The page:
Saturday, April 13, 2024

The Only Woman to Vote for the 19th Amendment

Jeannette Rankin (1880-1973) is known for many things, but she preferred to be “remembered as the only woman who ever voted to give women the right to vote.”

At the time the Nineteenth Amendment was ratified in 1920, no women were serving in Congress. Rankin, two-time U.S. Representative from Montana, was the first woman elected to a federal office. During her first term, 1917-19, a resolution that would later become the Nineteenth Amendment passed the House. Though she was no longer holding office when ratification occurred, her unique standing remains.

Jeannette Rankin, 1917
Bain News Service
Active in the National American Woman Suffrage Association (NAWSA), Rankin had been instrumental in making Montana the seventh state to give women unrestricted voting rights in 1914.

Interestingly, she won election in a state-wide contest in 1916, when Montana had two at-large seats in the House. But before the next election, the state legislature divided the state into two districts. Rankin, a Republican, knew she could not win in the largely Democratic district where she lived. So instead of running for reelection, she unsuccessfully sought one of Montana’s seats in the U.S. Senate.

A lifelong pacifist, Rankin was criticized for being one of 50 delegates to vote against the U.S. entering the war against Germany. "I wish to stand for my country," she said, "but I cannot vote for war." Years later, she would add, "I felt the first time the first woman had a chance to say no to war, she should say it."

During her term, she pushed for improved working conditions for laborers, and succeeded in winning shorter work days for employees of the Bureau of Printing and Engraving.

Rankin campaigning in Montana
After leaving office, she remained active in the political arena, lobbying for child labor protections, social welfare programs for women and children, and pacifism. When her efforts in the late 1930s to urge the country to pursue a diplomatic solution rather than prepare for war proved ineffective, she decided to run for Congress again.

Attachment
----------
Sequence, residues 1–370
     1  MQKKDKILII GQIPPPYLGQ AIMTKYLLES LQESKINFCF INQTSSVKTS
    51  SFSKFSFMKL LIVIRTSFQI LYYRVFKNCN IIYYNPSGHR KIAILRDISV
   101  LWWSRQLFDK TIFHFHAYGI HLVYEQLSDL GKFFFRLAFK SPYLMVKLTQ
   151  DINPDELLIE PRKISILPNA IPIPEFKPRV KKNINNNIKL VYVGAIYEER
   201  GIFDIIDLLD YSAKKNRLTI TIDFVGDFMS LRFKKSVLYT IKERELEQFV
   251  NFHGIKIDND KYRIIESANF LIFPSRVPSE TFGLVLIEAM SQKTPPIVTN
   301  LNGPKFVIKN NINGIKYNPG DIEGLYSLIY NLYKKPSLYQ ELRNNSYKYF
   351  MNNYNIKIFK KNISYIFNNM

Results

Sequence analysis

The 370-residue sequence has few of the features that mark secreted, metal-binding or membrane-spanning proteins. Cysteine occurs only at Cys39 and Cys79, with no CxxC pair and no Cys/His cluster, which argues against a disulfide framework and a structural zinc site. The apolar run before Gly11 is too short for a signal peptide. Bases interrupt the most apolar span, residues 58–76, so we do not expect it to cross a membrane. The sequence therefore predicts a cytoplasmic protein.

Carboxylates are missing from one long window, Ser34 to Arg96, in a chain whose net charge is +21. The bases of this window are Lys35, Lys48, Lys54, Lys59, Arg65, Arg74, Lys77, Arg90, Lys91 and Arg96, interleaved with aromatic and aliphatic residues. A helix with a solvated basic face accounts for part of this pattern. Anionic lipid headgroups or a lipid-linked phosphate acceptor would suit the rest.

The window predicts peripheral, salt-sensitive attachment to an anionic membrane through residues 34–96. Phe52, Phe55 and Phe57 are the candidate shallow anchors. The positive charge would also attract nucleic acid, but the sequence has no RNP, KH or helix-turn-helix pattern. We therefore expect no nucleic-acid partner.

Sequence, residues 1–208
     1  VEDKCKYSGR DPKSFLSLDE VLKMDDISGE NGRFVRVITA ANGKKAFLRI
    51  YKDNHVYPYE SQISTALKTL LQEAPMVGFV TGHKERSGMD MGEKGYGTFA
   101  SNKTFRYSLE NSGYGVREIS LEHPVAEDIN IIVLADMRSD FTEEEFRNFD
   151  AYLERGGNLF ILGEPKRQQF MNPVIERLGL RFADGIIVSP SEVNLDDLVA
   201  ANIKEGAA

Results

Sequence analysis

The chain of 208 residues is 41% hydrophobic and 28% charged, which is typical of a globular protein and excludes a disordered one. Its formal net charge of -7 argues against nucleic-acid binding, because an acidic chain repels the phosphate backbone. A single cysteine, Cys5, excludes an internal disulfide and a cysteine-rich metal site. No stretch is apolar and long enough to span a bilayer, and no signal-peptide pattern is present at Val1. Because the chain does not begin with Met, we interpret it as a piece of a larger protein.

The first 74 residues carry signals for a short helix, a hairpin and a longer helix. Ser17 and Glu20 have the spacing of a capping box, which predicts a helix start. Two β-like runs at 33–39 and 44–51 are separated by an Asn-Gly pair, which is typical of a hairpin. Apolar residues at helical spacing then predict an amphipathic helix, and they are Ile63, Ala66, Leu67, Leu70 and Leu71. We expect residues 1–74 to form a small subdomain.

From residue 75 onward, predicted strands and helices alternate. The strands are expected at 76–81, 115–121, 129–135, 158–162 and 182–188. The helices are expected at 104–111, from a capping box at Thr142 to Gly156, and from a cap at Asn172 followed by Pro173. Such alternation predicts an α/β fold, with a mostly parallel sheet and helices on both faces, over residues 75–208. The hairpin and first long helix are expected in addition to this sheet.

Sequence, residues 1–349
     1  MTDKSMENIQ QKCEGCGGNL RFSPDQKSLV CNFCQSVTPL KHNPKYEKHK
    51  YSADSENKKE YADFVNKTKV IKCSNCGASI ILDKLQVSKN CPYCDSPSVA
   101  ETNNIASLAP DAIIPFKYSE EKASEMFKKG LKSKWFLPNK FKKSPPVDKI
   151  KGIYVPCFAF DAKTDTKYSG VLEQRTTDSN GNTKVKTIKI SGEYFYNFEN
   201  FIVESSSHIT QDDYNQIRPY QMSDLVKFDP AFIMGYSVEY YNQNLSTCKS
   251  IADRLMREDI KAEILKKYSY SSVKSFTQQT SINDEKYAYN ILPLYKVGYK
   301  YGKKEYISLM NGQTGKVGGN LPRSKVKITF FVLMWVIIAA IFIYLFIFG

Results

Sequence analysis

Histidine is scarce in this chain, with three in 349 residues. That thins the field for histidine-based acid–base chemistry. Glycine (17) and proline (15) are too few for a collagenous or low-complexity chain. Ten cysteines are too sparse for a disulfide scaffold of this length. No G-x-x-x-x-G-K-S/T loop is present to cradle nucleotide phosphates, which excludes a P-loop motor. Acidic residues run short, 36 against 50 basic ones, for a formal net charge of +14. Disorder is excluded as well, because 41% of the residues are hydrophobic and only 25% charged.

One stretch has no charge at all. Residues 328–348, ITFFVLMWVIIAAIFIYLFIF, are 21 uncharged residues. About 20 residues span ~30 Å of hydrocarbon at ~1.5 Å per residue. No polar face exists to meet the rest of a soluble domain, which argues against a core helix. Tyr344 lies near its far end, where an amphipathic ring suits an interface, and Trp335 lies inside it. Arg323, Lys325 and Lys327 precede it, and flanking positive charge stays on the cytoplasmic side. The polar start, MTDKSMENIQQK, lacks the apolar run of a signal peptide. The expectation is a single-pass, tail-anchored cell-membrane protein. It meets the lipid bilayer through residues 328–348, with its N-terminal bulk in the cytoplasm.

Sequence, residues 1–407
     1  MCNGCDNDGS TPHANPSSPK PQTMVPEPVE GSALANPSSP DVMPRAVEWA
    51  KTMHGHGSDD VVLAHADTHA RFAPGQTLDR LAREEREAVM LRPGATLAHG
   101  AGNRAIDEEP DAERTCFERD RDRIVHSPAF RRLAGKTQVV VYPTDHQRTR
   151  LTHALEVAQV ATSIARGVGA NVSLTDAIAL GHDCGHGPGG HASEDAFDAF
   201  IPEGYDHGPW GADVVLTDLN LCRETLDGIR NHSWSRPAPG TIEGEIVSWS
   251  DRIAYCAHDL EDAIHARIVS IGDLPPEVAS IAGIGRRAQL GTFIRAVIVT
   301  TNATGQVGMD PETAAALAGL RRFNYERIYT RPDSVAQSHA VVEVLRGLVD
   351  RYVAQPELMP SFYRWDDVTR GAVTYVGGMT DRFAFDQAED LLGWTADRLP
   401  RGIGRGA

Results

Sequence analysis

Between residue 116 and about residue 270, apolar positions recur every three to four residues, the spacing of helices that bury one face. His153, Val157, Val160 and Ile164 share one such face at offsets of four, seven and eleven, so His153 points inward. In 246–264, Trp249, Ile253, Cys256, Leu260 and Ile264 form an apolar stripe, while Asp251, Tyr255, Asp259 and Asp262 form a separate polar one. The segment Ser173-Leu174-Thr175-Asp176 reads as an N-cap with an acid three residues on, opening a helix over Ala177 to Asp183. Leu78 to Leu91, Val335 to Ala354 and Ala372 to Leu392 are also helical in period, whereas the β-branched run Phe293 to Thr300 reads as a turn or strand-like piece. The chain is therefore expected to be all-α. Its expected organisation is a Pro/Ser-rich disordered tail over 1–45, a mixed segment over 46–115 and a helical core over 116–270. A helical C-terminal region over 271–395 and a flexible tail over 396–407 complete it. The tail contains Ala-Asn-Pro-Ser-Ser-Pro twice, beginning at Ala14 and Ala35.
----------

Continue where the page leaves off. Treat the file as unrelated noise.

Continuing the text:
At age 60, Rankin defeated the incumbent in the primary and a former representative in the general election to reclaim her seat in the House. In December 1941, she became the only member of Congress to vote against declaring war on Japan. When a similar declaration against Germany and Italy came to a vote, she abstained, and the vote in favor of the resolution was considered unanimous.

Rankin spoke against war at the
National American Woman Suffrage
Association in 1917
In later interviews, Rankin stated she had no regrets for her stance. “If you're against war, you're against war regardless of what happens. It's a wrong method of trying to settle a dispute."

Rankin’s courage in voting her conscience, even though it made her unpopular, was applauded by many political leaders, including John F. Kennedy. She also inspired a new generation of pacifists, civil rights activists, and feminists in the 1960s and ‘70s. She protested against the Vietnam War and even considered running for Congress for a third time in 1971 to enhance the reach for her message. But she was 91 and on-going ailments made such a campaign impossible.

Jeannette Rankin died in 1973. Her ranch near Missoula, Montana, where she grew up and continued to live most of her life, was added to the National Register of Historic Places in 1976.